The new logo was designed after research showed that consumers want to buy British, but are confused about which brands are still actually made here. According to the campaigners, it has met with massive support from manufacturers and the public alike, while high street retailers report a definite consumer demand for items that are made in Britain.
However, whilst people are keen to buy British where possible, it's not always easy to work out where and how to do it.
One family, however, have become experts. James and Emily Bradshaw, along with their young son Lucan, set themselves the challenge of surviving only on British made goods for a year.
From January 2013, they scoured the country (and the internet) for food and drink, clothing and consumables and all manner of things made in Britain, becoming a leading consumer voice supporting British manufacturing and farming in the process.
What about the cost?
The challenge was, well, challenging in many ways and involved countless hours spent trawling the internet and intently reading labels in shops - lightbulbs, nappies and printing ink proved particularly difficult to source - but the Bradshaws uncovered a wealth of producers and manufacturers and found the whole experience rewarding and fun. The question is, did it prove more expensive?
"I would say that overall, it averaged out as a pretty normal yearly spend," reflects James. "We saved 20% on our food bills, partly by going for a local fruit and veg scheme and also by not going to supermarkets very often - this meant we weren't drawn into the various offers that they have and buying extra non-essential luxuries.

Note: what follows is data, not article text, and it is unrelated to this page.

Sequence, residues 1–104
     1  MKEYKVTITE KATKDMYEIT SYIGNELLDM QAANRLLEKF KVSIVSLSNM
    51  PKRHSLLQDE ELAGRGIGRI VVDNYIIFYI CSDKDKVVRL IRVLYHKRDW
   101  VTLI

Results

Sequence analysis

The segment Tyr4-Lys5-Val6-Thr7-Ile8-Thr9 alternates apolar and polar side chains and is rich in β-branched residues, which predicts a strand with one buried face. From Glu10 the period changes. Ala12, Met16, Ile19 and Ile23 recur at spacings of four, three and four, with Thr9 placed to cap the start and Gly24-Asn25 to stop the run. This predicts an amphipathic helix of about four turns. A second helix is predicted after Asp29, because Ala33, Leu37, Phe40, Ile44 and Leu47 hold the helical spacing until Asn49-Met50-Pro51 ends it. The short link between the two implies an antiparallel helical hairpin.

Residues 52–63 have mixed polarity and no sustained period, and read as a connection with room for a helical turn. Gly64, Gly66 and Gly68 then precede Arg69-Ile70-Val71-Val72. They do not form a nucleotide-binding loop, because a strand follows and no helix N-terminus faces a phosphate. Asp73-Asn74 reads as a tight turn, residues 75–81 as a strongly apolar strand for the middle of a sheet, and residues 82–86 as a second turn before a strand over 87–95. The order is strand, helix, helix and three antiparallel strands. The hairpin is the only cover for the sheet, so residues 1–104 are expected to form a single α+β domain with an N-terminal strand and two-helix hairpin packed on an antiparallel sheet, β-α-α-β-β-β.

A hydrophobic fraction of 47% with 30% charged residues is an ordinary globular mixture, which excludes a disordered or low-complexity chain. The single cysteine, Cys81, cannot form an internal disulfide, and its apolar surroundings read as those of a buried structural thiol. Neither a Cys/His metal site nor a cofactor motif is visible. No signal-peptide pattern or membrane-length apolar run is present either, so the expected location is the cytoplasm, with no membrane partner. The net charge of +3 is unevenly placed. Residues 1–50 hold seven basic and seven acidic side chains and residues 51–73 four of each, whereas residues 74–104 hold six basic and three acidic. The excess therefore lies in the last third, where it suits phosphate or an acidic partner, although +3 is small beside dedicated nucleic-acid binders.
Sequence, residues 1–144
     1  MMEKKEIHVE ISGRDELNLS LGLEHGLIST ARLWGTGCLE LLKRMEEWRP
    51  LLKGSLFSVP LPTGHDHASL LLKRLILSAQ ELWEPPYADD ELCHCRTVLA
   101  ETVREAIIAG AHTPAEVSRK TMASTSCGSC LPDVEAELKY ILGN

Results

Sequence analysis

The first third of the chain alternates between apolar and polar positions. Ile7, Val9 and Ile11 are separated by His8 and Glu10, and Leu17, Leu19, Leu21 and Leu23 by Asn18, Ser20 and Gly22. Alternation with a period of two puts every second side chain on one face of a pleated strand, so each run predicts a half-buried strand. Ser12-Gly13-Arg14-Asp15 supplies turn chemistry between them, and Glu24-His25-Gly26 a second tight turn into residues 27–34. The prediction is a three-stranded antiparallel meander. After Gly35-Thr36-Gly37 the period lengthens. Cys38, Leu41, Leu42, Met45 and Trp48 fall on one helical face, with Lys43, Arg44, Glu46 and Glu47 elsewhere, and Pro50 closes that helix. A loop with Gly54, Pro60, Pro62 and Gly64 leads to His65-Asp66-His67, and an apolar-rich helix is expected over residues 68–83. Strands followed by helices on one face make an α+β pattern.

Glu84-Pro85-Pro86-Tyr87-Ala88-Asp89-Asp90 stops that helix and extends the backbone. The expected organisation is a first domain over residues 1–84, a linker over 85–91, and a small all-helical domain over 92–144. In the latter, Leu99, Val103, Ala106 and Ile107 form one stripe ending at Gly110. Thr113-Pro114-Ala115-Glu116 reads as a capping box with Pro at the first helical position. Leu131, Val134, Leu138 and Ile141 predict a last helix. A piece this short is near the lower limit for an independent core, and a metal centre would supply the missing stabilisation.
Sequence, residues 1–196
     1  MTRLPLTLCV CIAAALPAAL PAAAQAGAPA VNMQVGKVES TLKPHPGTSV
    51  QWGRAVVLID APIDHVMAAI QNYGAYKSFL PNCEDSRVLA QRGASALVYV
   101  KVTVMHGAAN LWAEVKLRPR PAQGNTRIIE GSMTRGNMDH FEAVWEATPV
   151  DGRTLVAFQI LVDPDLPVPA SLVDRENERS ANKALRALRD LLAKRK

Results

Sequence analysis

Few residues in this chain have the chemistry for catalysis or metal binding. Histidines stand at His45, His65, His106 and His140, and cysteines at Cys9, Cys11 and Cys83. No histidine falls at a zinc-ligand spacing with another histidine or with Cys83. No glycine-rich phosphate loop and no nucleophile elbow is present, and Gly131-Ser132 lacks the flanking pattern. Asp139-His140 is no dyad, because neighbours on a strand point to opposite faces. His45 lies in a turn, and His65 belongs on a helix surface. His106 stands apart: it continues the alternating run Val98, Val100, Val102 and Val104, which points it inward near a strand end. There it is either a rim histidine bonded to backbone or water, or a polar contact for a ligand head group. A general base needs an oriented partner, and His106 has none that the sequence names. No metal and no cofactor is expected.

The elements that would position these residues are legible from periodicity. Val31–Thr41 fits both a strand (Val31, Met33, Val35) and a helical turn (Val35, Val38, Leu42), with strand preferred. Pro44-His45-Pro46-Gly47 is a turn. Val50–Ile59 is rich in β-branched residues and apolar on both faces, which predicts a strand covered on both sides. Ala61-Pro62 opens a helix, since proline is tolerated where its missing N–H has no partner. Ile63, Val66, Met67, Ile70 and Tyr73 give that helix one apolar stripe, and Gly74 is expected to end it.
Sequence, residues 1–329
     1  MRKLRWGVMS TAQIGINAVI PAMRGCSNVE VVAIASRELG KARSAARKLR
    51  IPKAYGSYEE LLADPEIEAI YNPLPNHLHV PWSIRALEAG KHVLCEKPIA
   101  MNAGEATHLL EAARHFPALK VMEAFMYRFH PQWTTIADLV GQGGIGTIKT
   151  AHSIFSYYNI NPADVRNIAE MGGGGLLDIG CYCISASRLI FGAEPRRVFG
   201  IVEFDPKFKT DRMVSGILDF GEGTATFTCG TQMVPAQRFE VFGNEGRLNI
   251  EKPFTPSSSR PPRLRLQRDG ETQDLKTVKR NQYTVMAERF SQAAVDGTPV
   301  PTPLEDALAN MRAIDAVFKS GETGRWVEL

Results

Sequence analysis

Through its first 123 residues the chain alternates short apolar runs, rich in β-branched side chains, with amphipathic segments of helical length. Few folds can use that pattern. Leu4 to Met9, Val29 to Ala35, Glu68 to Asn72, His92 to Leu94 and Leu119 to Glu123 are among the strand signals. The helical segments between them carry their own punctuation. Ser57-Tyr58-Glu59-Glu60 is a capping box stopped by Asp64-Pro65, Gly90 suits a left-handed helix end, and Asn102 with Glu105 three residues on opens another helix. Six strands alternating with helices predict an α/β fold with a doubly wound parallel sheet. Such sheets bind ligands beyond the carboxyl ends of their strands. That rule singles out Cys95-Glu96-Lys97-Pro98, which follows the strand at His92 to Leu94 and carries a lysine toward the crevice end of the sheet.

"On the flip side, things like clothes and shoes were at times significantly more expensive and buying toys for Lucan was almost impossible."
Have things returned to normal?
Now that their challenge is over and things have settled down again, the Bradshaws are buying around 80% of British made goods and produce. So what did they learn from last year's experiences?
"That British industry needs consumer support!" answers James. "Our experience is that the more people shout for something, the more that buyers in the big stores will get the message and start stocking and promoting British made goods."
Why food is a good place to start
His advice to people who would like to support homegrown manufacturers and producers is to start with food, where the labeling is more clear and standardised, and there is a relatively wide range of products. As this is also where you may be able to save money, it's an ideal way to dip your toe in the water.
Other than that, start reading labels carefully! The new Made in Britain logo will help, particularly as more companies continue to sign up.